You don't need to spend a lot to have
a throwing knife. Twenty dollars and two hours will buy the basement-workbench
craftsman a throwing weapon of substantial utility. This project doesn't really
require a workbench, either.
Living in an apartment, I do most of my handiwork out on my
landlady's driveway or patio. Impromptu working conditions will more than
suffice for the purposes of this endeavor.
Step #1: Purchase a large,
hunting bowie (see photograph #1) from the Smoky Mountain Knife Works
(http://www.smkwknife.com/), the Sportsman's Guide
(http://www.sportsmansguide.com/catalog/), the Edge Company
(http://www.edgeco.com/cgi-bin/catalog) or from any number of other cutlery
catalogs available. These bowies distinguish themselves in two ways. One, they
cost less than twenty dollars per item. Two, they're produced in Pakistan
(hence the price).
#2: Remove the bowie's scales, pins and hand guard, and mill, cut or file off
the knife's pommel notch (see photograph #2).
Step #3: At this point,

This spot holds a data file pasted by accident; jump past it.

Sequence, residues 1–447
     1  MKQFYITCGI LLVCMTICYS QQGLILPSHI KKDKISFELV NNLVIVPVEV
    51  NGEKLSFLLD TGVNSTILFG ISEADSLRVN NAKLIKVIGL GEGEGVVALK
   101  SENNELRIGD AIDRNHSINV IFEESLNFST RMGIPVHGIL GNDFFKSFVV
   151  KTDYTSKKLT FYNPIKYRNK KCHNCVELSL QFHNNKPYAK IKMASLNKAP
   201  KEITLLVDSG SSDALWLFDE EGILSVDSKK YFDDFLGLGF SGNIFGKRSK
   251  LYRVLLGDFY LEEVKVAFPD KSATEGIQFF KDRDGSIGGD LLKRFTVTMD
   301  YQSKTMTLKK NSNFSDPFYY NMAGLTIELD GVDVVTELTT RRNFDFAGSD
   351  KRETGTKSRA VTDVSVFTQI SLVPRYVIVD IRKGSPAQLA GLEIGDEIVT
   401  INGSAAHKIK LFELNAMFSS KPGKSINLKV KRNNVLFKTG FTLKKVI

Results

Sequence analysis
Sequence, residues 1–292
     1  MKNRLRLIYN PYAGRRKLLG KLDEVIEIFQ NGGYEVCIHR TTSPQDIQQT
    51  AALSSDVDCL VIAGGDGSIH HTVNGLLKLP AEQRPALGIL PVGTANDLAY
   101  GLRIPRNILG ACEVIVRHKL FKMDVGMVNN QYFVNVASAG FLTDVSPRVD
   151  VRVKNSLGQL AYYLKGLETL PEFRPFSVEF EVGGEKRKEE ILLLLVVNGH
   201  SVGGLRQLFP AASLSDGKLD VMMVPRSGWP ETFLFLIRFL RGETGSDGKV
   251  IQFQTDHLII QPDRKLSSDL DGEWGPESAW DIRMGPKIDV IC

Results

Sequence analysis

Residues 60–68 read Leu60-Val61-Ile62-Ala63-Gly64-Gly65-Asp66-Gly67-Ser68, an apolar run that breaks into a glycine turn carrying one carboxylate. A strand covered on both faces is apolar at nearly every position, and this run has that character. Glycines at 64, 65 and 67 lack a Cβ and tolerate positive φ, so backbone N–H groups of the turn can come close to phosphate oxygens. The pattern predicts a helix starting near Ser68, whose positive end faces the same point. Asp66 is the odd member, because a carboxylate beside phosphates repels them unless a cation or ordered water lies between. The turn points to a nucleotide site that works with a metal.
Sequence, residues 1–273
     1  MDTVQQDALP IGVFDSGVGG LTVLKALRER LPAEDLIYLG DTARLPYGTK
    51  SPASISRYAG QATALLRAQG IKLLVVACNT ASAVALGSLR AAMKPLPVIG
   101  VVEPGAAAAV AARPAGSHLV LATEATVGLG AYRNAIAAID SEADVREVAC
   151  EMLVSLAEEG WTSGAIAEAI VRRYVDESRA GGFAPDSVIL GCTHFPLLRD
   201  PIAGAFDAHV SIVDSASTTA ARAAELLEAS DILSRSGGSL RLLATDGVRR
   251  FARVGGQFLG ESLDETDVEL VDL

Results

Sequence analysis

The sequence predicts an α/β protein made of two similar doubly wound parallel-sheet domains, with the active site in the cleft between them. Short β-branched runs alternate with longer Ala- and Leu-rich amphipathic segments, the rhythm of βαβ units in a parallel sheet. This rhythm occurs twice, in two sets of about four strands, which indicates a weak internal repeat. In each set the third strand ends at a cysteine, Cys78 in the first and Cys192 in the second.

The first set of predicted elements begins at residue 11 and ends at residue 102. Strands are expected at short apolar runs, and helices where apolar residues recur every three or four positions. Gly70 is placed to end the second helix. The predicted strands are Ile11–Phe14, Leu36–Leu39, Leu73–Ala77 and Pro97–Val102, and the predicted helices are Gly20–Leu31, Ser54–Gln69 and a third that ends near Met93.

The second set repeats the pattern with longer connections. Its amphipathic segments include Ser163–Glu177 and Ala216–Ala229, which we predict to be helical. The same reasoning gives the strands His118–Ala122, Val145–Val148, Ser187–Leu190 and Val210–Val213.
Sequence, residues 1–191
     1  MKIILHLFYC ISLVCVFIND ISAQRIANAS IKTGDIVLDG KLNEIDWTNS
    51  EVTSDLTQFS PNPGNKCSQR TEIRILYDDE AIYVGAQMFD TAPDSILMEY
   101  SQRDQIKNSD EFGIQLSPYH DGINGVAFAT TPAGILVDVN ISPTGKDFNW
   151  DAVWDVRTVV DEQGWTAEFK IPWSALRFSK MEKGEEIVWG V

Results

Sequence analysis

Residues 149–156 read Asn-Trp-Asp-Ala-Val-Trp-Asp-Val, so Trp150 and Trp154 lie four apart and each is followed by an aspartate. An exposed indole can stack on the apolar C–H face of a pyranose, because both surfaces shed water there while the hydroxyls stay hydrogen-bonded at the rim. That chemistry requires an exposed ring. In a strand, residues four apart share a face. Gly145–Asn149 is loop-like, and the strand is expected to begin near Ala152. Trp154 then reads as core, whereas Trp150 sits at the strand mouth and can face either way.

you have two choices. For all intents and purposes, the knife is finished. You
can wrap electrical tape around the handle area and begin throwing or, to
produce an item that is both functional AND pleasing:
Purchase one or two pieces of quarter-inch sole leather from a shoe-repair
2. Purchase some rivets--or other, similar fastening devices--from
a hardware store.
3. Trace the shape of the knife's tang onto the rough
side of one of the leather pieces. Do this once for each side of the knife.
4. Cut, whittle, grind and sand the leather down to
the tang's outline.
5. Using the existing rivet holes in the knife's tang
as a guide, drill matching holes in the shaped leather pieces.
the leather pieces to the knife with the rivets you purchased.
7. Dye the
leather handle scales...should you feel so inclined. The final result should
resemble mine (see photograph #3).
Contact Larry at: